Exhibition review: John Latham’s A Lesson in Sculpture at The Henry Moore Institute
April 4, 2016
The Henry Moore Institute’s latest exhibition, A Lesson in Sculpture with John Latham, seems to function less as a lesson and more as a conversation between him and the other artists whose work is shown alongside his. This intergenerational conversation has transcended time – allowing John Latham to converse with Katie Paterson as she also engages in discourse with Marcel Duchamp. We, the viewers, have been granted the wonderful opportunity to be privy to their exchanges echoing across the gallery.The exhibition itself is timely, with this year being the 10th anniversary of Latham’s passing.
As you make your way up the Henry Moore’s awkward steps, your immediate view is of Latham’s Little Red Mountain standing sentinel just behind the glass door of the first room. This black and red (and maybe read? But who knows if he had) imposing mountain of maimed books is typical of his work; his dislike for books was well known, especially from his most notorious piece where he distilled the ‘essence’ of Clement Greenberg’s collection of essays, Art and Culture, subsequently seeing him removed from his teaching post at St Martin’s School of Art.
His work is carefully collocated with that of 13 other artists. ‘But wait’ I hear you say, ‘aren’t there 16 artists in the exhibition?’. Well spotted, dear connoisseur of culture. The work of Neal White, Annea Lockwood and Gordon Matta-Clark with be live pieces at one-off events Skoob Tower (Skoob being books spelt backwards), Piano Burning and Garbage Wall respectively. Works like Inventory by Carey Young – a piece of vinyl noting how much the chemical make-up of the artists body is worth accompanied by a breakdown of each chemical and it’s worth in GBP sterling – and Katie Paterson’s Timepieces (Solar System) – which consists of a series of clocks showing visitors the passage of time on Earth, the Moon and several other planets such as Venus and Neptune – are also cleverly curated in this exhibition.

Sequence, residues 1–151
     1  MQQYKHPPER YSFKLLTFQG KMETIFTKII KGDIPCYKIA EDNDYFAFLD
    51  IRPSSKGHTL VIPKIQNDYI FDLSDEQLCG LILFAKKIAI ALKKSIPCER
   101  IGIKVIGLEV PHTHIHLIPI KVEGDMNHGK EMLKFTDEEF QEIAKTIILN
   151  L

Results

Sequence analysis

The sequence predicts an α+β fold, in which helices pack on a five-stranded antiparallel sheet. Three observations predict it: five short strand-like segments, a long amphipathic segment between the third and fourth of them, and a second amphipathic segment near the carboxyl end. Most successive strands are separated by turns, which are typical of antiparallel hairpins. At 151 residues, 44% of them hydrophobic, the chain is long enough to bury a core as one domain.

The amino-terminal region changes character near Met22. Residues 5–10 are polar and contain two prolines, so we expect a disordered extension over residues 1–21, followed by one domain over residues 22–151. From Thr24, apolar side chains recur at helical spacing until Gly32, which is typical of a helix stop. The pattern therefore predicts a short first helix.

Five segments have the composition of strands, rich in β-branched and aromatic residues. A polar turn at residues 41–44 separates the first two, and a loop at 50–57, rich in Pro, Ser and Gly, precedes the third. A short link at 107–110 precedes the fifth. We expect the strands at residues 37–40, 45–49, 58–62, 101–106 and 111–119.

The exhibition has a very skyward feel, especially with other pieces, such as Josiah McElheny’s The Centre Is Everywhere mirroring constellations in the night sky, if both the sky and his sculpture were viewed from below. Even the work by Marcel Broodthaers and Mary Kelly, while being made of the materials of the earth, form piles reaching and pointing ever upward.
The Henry Moore Institute have once again delivered to Leeds a show that is of intrigue and delight, an exhibit that asks us to partake in a wondrous conversation not to be missed.
Find out more here.